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HSBC Boss Will Be Hard to Replace

The Week: The sudden departure of HSBC's John Flint has raised a number of difficult questions, says Morningstar columnist Rodney Hobson, who has been topping up his finance stocks

Rodney Hobson 9 August, 2019 | 9:29AM

HSBC branch

Great first half results from HSBC (HSBA). Shame the effect was spoilt by the grossly inadequate announcement of the departure of the chief executive after only 18 months.

Investors Deserve Better

So sudden is this decision that commercial bank head Noel Quinn has had to step up immediately. Shareholders (including me) deserve better than to have to find out what is going on from the following morning’s newspapers.

It seems the rest of the board has decided that John Flint is not up to the job of improving the bank’s performance in a tougher outlook for markets in the UK and Asia, where HSBC does most of its business. He is apparently not cutting costs and generating extra revenue fast enough.

But you wouldn’t think that from all the usual stuff in the announcement. Chairman Mark Tucker said: “Today's positive interim results particularly reflect John's achievements.” So why, one wonders, was he being forced out. Flint, for his part, is “grateful to my wonderful colleagues”. Does that include the ones who dumped him?

HSBC pre-tax profits rose 15.8% to $12.4 billion thanks in part to strong momentum in revenue from retail banking and wealth management plus growth in all major products and all regions in commercial banking. Despite the uncertain outlook, revenue in Asia increased 7% compared with the previous first half. The only disappointment is that the bank prefers to spend $1 billion on buying back shares rather than raising the dividend.

The shares dropped from 666p to 626p in two days either side of the figures. They are now uncomfortably close to the 12 month low of 606p but I don’t think they will test the floor. I shall continue to hold. I just wish that the bank was still in the hands of the solid, dependable chief executive who will be hard to replace.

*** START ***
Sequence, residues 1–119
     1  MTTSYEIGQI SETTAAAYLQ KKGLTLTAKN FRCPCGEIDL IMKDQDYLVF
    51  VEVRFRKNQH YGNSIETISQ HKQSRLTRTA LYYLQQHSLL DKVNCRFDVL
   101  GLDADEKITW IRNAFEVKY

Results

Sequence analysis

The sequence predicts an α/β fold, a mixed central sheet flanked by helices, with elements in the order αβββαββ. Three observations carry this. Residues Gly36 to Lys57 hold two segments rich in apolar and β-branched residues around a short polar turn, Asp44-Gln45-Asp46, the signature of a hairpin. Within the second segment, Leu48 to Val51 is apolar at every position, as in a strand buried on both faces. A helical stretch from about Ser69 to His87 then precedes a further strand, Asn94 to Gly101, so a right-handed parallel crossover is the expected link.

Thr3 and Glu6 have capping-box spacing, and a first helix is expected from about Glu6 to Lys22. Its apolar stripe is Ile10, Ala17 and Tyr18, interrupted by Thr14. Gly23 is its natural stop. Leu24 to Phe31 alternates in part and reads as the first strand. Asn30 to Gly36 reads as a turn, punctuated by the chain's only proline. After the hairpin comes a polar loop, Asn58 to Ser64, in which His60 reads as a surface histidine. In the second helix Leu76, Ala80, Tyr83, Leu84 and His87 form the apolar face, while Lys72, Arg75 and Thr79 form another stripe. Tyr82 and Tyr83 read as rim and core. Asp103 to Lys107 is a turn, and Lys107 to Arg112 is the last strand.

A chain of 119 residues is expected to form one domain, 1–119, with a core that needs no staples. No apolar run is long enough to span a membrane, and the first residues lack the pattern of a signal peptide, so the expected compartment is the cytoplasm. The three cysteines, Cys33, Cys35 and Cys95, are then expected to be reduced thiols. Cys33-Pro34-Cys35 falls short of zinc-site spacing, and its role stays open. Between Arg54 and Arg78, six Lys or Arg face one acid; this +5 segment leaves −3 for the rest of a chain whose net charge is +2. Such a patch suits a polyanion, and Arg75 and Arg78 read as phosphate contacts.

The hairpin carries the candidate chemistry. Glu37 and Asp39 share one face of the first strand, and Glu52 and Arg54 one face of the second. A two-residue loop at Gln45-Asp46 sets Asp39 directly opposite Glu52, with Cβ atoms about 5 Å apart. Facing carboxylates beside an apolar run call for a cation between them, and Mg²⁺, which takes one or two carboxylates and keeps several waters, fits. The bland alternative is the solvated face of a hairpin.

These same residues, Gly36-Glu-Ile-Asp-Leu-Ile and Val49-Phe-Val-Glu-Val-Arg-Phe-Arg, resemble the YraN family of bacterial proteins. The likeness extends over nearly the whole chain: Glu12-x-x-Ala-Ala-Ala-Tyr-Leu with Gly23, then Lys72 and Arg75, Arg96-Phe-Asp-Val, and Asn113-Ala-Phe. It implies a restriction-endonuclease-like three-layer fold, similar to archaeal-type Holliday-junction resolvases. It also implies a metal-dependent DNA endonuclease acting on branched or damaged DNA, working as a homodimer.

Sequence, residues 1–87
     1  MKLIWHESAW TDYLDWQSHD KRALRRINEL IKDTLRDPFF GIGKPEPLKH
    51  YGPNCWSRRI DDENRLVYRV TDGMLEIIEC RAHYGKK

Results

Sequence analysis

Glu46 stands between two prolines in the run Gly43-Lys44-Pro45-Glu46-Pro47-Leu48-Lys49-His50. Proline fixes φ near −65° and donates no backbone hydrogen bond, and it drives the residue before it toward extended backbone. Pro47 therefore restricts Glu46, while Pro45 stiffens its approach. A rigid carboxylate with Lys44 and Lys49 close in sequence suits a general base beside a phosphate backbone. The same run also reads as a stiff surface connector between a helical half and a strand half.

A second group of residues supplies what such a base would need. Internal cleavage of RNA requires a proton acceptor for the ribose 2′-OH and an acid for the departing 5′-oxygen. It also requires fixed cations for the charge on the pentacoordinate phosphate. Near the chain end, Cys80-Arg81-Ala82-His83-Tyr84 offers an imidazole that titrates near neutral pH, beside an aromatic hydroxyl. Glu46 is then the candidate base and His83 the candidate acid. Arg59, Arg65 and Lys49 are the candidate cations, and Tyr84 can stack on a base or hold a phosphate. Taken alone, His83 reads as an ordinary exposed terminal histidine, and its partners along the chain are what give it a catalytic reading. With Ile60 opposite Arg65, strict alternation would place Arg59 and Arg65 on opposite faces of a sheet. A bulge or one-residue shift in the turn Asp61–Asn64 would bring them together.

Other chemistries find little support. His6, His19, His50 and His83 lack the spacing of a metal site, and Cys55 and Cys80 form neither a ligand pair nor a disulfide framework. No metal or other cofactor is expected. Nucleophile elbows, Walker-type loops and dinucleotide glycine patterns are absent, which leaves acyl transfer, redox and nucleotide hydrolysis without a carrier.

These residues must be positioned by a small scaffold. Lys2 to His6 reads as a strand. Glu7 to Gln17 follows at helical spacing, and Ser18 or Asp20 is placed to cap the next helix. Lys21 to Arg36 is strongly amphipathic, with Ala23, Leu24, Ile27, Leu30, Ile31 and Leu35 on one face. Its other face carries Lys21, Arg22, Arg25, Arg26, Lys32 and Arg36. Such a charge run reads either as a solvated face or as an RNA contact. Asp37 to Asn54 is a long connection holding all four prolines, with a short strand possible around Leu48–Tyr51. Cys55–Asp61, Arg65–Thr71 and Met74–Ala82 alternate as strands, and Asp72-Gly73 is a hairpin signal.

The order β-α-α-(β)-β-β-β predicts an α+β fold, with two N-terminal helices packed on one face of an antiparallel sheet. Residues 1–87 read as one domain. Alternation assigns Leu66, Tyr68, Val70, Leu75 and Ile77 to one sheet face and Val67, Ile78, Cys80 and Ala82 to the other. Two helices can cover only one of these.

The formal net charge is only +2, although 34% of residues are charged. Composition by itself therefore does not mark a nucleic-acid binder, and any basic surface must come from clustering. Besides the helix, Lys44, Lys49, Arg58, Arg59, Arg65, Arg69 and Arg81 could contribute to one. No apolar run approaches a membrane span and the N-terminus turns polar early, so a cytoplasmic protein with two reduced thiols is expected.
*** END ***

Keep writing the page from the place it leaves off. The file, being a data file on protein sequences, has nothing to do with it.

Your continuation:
L&G Unloved

What is it about Legal & General (LGEN) that cannot find favour among investors? Is it the solid and boring image that I love in companies but which fails to spark the imagination of more adventurous souls?

There has been some concern about where L&G has invested the cash that pays its clients’ pensions and annuities. That is understandable given the furore over Neil Woodford’s suspended fund that was too heavily invested in illiquid assets. L&G has very sensibly given figures showing that it is not excessively committed to UK corporate bonds and junk bonds.

The insurance giant reported operating profit up 11% to more than £1 billion in the first half of this year with record annuity sales of £7 billion. The balance sheet is strong and the second half has started well.

The interim dividend rises from 4.6p to 4.93p. The 7% increase is similar to last year and assuming a similar lift in the total payout to a well covered 18.66p, the potential yield is over 7% at the current share price around 240p.

I can’t think of another such reliable and profitable company offering such a high return. I therefore snapped up a batch of shares on the morning of the results announcement. The shares have still not responded but they will. They are down from a peak of 290p in April for no good reason.

Topping Up on Lloyds 

I wrote last week that I was tempted to add to my already overweight holding in Lloyds Banking Group (LLOY) after another slide in the share price following perfectly acceptable if unexciting results. This week Lloyds slipped back below 50p and the temptation became too strong: I have made a modest addition to my holding at what I consider to be a bargain price. At 49p, the prospective yield for this year is 6.9%, which allows for an awful lot of bad news.

The information contained within is for educational and informational purposes ONLY. It is not intended nor should it be considered an invitation or inducement to buy or sell a security or securities noted within nor should it be viewed as a communication intended to persuade or incite you to buy or sell security or securities noted within. Any commentary provided is the opinion of the author and should not be considered a personalised recommendation. The information contained within should not be a person's sole basis for making an investment decision. Please contact your financial professional before making an investment decision.

Securities Mentioned in Article

Security NamePriceChange (%)Morningstar
Rating
HSBC Holdings PLC601.60 GBX-0.79
Legal & General Group PLC275.40 GBX0.15
Lloyds Banking Group PLC60.19 GBX-1.26

About Author

Rodney Hobson

Rodney Hobson  is a columnist for Morningstar.co.uk and author of several investing books, including The Dividend Investor and How to Build a Share Portfolio.

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